KRASNAYA POLYANA, Russia — When a wide-eyed Ted Ligety won a gold medal in combined in his first Olympics race at the Turin Games eight years ago, he seemed as stunned as anyone by his sudden stardom at age 21.
But when he dominated Wednesday's giant slalom to become the first American man to win two Olympic gold medals in alpine skiing, there was nothing surprising about it. He came in as the prohibitive favorite and when he crushed the field in the first of two runs Wednesday, the race was his to lose.
After crossing the finish line as a two-time Olympic champion, the emotion he felt was nothing like the first time that night in Italy in 2006.
"It was a huge relief," Ligety said. "I've been wanting to win this medal my whole life, but even more so in a realistic sense the last few years. All season long, everybody talks about the Olympics, the Olympics, the Olympics. At a certain point I was like, 'Let's do it already, let's get it over with so we can stop talking about the pressure.' It's awesome to finally do it and get the monkey off the back."
Only one other American has two Olympic gold medals in alpine skiing. Andrea Mead Lawrence won giant slalom and slalom at the 1952 Oslo Games.
In a race where it seemed everyone else was competing for the silver medal, Steve Missillier of France claimed it after finishing 0.48 of a second behind Ligety. Teammate Alexis Pinturault claimed bronze.
Ligety's father, Bill, felt much the same sense of relief as his son when it was over.
"I was tremendously nervous today because the expectations were so great," he said. "Nobody in the United States notices World Cup victories. If he didn't win, it would have been so noticed. The expectation for this was just off the charts. I was more nervous than I've ever been for a ski race."
Ligety, from Park City, Utah, won gold medals in GS at the past two world championships. He's won World Cup season GS titles four times. He has been the guy the rest of the world has been chasing in that event for years. None of that helped him in the starting gate Wednesday.
"Ski racing is probably the least guaranteed sport out there," Ligety said. "It's really rare when the favorites win. So far here, this is the first event that an actual favorite has won. And that's pretty regular on the World Cup — guys that are the best in the world are on the podium oftentimes, but don't always win.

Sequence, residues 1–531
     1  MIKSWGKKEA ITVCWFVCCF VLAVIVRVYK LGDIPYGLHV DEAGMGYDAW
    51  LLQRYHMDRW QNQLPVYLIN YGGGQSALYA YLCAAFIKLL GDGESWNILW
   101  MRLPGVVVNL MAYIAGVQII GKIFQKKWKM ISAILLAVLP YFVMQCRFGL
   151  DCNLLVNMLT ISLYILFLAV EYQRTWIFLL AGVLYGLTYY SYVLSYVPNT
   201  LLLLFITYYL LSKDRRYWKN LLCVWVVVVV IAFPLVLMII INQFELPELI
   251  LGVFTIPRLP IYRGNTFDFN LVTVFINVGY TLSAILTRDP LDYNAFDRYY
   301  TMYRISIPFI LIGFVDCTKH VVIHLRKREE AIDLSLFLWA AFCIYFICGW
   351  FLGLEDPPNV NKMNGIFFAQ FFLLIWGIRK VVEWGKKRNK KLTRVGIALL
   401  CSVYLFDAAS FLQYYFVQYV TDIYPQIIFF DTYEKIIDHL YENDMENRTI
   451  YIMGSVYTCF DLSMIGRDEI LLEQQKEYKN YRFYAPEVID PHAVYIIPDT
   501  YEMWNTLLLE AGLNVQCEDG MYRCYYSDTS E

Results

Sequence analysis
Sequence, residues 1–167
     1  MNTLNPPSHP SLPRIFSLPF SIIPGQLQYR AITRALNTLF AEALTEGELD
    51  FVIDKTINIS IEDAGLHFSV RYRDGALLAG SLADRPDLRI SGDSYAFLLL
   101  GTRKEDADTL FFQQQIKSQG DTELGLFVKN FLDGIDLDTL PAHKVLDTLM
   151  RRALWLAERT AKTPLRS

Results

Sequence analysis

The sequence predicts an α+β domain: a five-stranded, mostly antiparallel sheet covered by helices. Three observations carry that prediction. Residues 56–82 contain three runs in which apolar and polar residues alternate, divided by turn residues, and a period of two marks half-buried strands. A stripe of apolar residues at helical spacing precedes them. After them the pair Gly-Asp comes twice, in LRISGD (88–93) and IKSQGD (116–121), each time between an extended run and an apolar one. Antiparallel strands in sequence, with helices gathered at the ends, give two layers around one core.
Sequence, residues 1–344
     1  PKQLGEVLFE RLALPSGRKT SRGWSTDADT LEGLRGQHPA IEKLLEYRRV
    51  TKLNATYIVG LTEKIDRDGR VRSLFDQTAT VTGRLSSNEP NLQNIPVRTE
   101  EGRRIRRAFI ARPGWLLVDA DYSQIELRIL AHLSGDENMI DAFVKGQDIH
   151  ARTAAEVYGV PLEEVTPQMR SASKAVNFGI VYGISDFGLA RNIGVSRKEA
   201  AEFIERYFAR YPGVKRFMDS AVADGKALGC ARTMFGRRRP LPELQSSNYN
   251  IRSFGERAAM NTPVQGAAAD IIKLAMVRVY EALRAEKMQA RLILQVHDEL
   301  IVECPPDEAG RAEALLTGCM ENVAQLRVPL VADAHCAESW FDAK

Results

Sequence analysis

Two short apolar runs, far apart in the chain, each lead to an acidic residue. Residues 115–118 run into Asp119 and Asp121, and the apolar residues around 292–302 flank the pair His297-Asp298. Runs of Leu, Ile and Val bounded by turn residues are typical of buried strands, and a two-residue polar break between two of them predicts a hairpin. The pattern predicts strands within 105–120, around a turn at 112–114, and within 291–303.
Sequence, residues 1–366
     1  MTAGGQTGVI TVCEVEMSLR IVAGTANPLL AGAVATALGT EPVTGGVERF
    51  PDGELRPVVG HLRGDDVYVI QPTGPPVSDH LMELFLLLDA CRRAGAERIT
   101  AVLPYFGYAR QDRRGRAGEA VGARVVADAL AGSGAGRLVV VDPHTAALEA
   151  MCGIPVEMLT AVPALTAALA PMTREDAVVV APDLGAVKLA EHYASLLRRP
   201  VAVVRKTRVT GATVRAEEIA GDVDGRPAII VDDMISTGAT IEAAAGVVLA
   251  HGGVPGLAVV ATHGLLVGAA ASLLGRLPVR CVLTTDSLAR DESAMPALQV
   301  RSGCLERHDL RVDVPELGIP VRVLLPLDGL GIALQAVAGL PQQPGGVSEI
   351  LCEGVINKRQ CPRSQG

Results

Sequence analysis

"That's what makes it that much more special, when you can perform the way you want to perform and equal the result you're expecting."
Ligety had a ridiculous lead of 0.93 seconds after the first run, and he knew it would take a major mistake to lose a margin like that. He gave away a little in the second run, but the outcome never seemed in doubt.
"You look pretty stupid if you mess it up," Ligety said. "If you blow out, taking too much risk, you look stupid. If you go too easy and you blow your lead, you look even more stupid. When it is such a tactically tough hill like this, it's nice to know you can take less risk in places, but I still had to charge as hard as I possibly could in some sections. I needed to get every little 10th (of a second) I could in those sections if I wanted to be able to ski those other sections smart.
"It still wasn't a super comfortable feeling being in the start gate, knowing there was a gold medal on the line."
If the 2006 Olympics was an unexpected success, the 2010 Olympics was a disappointing setback. He won his second World Cup season title in GS that year but finished ninth at the Olympics.
"I moved on past that, and my best years have been since then and, in a lot of ways, because of that," Ligety said. "I knew there was a lot of pressure on (here). To be able to perform and do what I wanted to do, and have it equal a gold medal, is truly awesome."
Alpine medals at Sochi Olympics
A look at the alpine medal breakdown at the Olympic Games.
Country Total Gold Silver Bronze
1. Austria 5 2 2 1
2. USA 4 1 1 2
3. Switzerland 3 2 0 1
4. Germany 3 1 1 1
5. Slovenia 2 2 0 0